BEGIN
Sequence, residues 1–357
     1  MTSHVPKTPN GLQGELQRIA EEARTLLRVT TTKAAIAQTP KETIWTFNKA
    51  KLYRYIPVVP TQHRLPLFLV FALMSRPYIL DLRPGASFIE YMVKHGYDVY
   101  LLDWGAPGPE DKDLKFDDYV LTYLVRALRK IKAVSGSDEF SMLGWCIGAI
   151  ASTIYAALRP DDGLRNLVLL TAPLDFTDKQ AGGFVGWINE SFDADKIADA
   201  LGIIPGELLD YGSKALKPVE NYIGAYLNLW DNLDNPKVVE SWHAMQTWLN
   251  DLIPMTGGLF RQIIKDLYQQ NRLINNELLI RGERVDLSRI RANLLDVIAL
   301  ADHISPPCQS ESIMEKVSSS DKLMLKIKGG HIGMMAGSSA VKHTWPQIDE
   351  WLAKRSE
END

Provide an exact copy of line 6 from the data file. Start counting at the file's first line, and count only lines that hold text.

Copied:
   201  LGIIPGELLD YGSKALKPVE NYIGAYLNLW DNLDNPKVVE SWHAMQTWLN